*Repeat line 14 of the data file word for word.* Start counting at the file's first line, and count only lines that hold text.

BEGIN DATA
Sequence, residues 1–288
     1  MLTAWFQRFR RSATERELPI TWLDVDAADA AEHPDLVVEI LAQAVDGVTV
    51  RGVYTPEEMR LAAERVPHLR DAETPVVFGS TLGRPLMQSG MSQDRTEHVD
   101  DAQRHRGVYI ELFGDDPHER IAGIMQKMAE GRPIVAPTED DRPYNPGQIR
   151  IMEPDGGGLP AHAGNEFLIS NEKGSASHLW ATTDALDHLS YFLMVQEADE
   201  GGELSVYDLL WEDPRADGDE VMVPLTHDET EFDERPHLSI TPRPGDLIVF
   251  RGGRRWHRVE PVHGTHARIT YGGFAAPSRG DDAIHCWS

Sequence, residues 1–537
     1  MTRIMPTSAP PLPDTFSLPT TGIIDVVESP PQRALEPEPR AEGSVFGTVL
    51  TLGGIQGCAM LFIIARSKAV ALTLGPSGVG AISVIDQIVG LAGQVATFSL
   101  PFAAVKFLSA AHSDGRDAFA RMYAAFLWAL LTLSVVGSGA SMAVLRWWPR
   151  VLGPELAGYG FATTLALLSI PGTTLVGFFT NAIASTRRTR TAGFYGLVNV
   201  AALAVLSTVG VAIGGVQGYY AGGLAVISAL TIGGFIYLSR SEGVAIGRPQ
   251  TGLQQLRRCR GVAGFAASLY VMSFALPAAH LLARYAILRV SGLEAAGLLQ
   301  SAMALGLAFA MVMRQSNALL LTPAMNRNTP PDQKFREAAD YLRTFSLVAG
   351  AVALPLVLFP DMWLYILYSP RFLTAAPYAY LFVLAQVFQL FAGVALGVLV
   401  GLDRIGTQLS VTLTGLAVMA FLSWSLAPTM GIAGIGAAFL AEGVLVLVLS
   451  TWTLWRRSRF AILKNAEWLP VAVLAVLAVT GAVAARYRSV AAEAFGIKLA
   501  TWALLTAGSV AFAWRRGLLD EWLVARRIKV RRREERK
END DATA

   251  TGLQQLRRCR GVAGFAASLY VMSFALPAAH LLARYAILRV SGLEAAGLLQ